sample n 30)
6.3. Confidence interval for the population
proportion
lecture,
discussion
Week 9
Lecture 9
3.0 hours
//.
Discussion 3 discussion
Week 10
Lecture 10
3.0 hours
//.
7.1-7.4
Chapter 7: Hypothesis Testing for One
Sample
7.1. Introduction to hypothesis testing
7.2. Hypothesis testing for the mean (large
sample n>30)
7.3. Hypothesis testing for the mean (small
sample n<30)
7.4. Hypothesis testing for proportions
lecture,
discussion
Week 11
Lecture 11
3.0 hours
//.
Discussion 4
Review for the midterm exam 2
Midterm exam 2
discussion
Week 12
Lecture 12
3.0 hours
//.
Review all for the final exam
The sample final exam
discussion
21 hours teaching and giving the sample
midterm exams
12 hours discussing and taking the
midterm exams
3 hours for reviewing and taking the
sample final example
=36 hours
Time for Final Exam is followed the TUAF exam timetable
Reading materials:
1. Elementary statistics, Robert Johnson, Patricia Kuby, THOMSON, 2004
2. Introduction to Probability and Statistics , 13rd edition, W. Mendenhall, R.J. Beaver, and
B.M. Beaver, Books/Cole, Cengage Learning, 2009.
3. Applied Statistics, M. A. Shayib, bookboon.com, 2013.
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Attendance/ Participation Requirements
Lecture Attendance Requirement:
Attendance at all lectures is expected. If, for whatever reason, you cannot attend the lecture,
please let the lecturer know in advance. You are required to attend a minimum of 75% of
lectures.
Assessment
The assessment for this course will be in the form of homework, one midterm exam and one
final exam. Midterm will take place in class on the 7
th
week of the course, and the final
examination will take place in class following the exam timetable of TUAF.
Your overall grade will be based on: Homework/Attendance/Attitude: 20%; Midterm - 30%;
Final - 50%
The use of calculators, books or notes will not be allowed in the examinations.
Assessment for this subject consists of :
Assessment type Percentage Due Date
Midterm exam 30% The 7
th
week
Final exam 50% After the 12
th
week.
Assessment Criteria: Students should obtain at least 40 points in total 100 points for each
exam.
Grading system
Grade
in letter
1-4
scale
1-10
scale
Description
A 4 8.5 – 10 Excellent analysis, comprehensive research,
sophisticated theoretical or methodological
understanding, impeccable presentation;
Work that meets all the key assessment criteria and
excels in most;
Work that meets these criteria and is also in some way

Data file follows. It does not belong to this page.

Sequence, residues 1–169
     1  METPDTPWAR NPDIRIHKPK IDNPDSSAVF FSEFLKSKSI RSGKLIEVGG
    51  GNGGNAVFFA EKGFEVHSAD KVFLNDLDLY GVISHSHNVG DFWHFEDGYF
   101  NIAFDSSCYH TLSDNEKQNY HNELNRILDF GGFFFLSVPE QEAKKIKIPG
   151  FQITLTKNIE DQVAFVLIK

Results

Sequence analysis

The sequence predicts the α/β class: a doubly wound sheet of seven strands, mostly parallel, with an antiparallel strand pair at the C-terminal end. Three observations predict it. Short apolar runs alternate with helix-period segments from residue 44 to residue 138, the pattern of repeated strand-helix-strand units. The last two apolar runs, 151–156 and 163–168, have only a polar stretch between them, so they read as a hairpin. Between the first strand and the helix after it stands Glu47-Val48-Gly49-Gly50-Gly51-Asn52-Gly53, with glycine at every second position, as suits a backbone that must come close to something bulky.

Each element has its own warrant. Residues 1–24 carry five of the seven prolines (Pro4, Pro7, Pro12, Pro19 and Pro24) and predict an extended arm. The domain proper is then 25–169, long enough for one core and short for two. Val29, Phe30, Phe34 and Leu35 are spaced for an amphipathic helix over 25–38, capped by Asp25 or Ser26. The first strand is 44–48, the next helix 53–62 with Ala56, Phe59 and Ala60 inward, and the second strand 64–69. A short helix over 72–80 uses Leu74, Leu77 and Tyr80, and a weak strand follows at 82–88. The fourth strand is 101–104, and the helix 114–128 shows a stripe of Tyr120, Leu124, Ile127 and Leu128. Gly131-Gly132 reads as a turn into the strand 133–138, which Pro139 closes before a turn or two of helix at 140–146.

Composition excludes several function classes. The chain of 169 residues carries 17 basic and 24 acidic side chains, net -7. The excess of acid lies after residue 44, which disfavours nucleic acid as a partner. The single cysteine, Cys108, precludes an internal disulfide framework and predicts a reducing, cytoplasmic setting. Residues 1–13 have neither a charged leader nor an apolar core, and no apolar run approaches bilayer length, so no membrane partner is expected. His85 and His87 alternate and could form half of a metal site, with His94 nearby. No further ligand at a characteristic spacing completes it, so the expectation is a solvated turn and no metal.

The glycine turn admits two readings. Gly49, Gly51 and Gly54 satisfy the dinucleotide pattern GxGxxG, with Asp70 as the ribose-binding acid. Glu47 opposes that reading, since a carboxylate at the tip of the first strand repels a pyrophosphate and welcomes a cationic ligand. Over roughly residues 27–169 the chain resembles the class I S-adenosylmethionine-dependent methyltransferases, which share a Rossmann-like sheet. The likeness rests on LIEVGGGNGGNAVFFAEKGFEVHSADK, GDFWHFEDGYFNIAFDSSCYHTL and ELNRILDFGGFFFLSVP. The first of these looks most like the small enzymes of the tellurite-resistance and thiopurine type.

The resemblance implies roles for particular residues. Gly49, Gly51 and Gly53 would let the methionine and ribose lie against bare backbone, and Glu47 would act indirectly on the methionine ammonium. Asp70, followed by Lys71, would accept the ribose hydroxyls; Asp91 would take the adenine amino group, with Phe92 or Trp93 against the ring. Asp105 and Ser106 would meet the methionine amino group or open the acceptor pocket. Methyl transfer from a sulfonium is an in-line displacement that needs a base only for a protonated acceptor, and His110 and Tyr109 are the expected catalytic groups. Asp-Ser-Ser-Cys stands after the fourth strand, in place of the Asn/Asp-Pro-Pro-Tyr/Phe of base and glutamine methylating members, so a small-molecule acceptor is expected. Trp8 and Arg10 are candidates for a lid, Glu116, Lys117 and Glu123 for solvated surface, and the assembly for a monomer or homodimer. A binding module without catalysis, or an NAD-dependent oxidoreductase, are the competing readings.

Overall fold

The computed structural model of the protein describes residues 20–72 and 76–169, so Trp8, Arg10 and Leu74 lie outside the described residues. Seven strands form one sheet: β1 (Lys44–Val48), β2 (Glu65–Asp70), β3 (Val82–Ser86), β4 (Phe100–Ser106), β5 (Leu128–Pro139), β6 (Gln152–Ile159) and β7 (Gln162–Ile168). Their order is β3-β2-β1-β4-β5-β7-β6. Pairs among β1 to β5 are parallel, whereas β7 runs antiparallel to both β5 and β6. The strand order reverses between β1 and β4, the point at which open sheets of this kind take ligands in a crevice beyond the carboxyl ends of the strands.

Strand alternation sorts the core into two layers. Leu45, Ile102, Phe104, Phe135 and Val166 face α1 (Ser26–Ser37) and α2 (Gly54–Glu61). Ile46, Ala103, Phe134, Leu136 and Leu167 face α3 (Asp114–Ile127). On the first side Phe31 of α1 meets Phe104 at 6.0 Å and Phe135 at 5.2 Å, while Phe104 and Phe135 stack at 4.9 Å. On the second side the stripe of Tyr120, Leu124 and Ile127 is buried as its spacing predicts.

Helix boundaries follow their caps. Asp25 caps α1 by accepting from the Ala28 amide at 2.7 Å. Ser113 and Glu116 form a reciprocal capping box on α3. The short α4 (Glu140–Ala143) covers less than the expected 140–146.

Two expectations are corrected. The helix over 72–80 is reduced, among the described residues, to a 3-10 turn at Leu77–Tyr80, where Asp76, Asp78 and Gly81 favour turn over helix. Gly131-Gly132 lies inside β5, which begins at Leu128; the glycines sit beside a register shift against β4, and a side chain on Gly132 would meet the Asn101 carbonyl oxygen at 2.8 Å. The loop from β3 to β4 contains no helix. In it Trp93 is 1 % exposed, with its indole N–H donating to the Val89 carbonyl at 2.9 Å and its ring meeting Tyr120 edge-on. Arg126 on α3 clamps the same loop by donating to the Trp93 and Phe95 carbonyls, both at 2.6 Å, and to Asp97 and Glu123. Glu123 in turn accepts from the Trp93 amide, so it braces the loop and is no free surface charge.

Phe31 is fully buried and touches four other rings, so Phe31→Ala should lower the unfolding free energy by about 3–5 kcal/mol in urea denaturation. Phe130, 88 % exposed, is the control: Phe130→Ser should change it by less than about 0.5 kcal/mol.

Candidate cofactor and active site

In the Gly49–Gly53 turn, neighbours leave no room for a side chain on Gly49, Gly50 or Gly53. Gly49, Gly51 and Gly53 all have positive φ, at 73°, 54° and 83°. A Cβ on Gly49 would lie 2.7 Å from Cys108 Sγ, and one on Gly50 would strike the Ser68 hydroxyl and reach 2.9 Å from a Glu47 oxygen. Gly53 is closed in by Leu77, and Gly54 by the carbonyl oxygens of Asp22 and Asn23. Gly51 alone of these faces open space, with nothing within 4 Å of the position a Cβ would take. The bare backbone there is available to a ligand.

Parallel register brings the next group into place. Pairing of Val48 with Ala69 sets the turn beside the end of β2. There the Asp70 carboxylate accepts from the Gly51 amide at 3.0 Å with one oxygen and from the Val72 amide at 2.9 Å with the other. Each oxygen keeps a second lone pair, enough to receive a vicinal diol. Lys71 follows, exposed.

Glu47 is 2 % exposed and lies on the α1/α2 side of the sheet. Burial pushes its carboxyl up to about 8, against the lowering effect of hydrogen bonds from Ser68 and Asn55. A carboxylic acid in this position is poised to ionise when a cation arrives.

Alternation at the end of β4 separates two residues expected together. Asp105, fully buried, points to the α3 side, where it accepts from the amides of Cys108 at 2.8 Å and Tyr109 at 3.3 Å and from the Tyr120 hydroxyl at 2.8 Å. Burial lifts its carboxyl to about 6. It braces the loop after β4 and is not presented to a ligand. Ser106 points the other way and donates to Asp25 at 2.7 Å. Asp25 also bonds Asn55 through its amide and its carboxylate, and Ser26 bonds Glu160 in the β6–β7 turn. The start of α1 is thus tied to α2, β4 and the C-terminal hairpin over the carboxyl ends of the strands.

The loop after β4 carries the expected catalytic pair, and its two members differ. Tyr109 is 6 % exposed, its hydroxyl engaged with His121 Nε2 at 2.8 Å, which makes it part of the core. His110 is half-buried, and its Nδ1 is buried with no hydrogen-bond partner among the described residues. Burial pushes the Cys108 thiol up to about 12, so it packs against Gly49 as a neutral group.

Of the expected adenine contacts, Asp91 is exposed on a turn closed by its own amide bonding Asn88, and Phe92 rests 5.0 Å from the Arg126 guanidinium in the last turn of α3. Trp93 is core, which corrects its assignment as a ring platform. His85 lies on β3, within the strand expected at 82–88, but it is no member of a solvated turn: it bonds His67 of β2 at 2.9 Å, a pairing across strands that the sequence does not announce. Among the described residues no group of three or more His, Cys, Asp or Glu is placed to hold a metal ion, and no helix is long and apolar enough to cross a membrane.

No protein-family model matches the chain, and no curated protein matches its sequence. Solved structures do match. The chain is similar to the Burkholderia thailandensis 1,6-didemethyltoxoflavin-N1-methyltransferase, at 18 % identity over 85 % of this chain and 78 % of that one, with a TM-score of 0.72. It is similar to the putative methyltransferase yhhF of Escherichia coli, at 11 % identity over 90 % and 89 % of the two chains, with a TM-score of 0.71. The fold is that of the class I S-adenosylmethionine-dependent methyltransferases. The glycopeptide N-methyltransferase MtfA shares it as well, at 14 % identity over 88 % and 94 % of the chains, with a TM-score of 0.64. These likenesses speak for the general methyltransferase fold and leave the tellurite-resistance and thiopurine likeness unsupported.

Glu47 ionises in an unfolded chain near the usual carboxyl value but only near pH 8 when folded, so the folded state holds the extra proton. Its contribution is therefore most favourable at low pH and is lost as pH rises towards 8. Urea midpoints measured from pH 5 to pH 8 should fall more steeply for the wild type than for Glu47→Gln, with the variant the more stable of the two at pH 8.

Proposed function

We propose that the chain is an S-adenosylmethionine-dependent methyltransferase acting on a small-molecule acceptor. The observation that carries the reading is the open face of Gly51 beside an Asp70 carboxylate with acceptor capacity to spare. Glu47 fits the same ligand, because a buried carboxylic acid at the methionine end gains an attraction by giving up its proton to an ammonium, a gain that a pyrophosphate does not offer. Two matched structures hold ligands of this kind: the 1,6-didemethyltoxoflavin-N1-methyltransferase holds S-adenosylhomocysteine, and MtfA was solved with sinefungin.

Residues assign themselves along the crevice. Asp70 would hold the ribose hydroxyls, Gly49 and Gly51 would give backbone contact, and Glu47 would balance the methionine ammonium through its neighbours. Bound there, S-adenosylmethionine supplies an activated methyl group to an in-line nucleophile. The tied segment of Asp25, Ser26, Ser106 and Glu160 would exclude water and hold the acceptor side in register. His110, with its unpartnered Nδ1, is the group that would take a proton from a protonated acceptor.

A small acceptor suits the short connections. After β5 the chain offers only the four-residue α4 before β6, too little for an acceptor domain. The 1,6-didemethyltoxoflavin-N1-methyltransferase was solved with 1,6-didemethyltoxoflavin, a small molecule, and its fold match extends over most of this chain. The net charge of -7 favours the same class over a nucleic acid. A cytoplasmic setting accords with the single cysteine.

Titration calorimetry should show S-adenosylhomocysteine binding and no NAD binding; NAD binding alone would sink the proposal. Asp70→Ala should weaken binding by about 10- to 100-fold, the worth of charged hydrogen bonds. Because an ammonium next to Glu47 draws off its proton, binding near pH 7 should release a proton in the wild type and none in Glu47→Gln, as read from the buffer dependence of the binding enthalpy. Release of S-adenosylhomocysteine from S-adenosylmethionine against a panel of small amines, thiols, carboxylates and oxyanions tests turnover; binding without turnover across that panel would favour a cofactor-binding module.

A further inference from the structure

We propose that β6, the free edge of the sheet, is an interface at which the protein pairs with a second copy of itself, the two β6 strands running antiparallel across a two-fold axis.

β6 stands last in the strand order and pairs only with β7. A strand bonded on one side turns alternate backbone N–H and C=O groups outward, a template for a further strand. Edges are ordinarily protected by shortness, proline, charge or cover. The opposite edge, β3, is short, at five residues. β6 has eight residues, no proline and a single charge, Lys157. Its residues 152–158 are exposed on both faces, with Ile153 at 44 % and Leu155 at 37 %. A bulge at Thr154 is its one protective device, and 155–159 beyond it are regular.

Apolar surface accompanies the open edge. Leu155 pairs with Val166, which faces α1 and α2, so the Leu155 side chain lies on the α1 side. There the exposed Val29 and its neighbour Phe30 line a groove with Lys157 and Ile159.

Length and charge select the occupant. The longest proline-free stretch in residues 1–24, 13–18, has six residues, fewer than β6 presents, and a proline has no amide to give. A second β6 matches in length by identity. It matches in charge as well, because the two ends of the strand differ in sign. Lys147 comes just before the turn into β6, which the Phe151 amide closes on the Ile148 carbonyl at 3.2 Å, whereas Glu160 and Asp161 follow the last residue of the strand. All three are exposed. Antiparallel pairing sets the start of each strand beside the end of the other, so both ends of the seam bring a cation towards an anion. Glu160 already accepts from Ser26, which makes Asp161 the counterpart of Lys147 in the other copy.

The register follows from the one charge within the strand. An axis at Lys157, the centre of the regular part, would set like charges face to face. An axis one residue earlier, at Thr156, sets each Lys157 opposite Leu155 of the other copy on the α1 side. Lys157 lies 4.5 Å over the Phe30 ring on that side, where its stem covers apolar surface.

original, exciting or challenging could be awarded
marks in the high 8 or above.
Marks of 9 and above may be awarded to the best
student work in the range.
B 3 7 – 8.49 Good work that is solidly researched, shows a good
understanding of key ideas, demonstrates some use of
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critical analysis along with good presentation and
documentation;
Work that meets most of the key assessment criteria
and performs well in some;
Work that shows some room for improvement.
C 2 5.5 –
6.99
Completion of key tasks at a satisfactory level, with
demonstrated understanding of key ideas and some
analytical skills, and satisfactory presentation,
research and documentation;
Work that meets most of the key assessment criteria;
Work that shows room for improvement in several
areas.
D 1 4 – 5.49 Completion of key tasks at an adequate level of
performance in argumentation, documentation and
expression;
Work that meets a limited number of the key
assessment criteria;
Work that shows substantial room for improvement in
many areas.
F 0 1-3.99 Work that fails to meet the basic assessment criteria;
Work that contravenes the policies and regulations set
out for the assessment exercise;
Where a student fails a subject, all failed components
of assessment are double marked.
Extension Policy and Late Submission of Work
Late work is not accepted. If, however, you find that it is absolutely impossible for you to make
a given deadline due to illness or other unforeseen circumstances, you may negotiate a short-
term extension of up to 5 working days. But please note: Extensions are not granted after due
dates have passed.
Penalty for Submission of Late Assessment
Assessment submitted late without an approved extension will be penalised at 2% per working
day. In-class tasks missed without approval will not be marked and in-semester tests and exams
that are submitted late without an approved extension will not be accepted.
Plagiarism
Plagiarism is academic misconduct, and is taken very seriously by the Program and
University. Any acts of suspected plagiarism detected by assessors will be followed up, and any
students involved will be required to respond via the Program and/or University procedures for
handling suspected plagiarism. If you have questions about how to appropriately acknowledge
your sources, please let the lecturer know.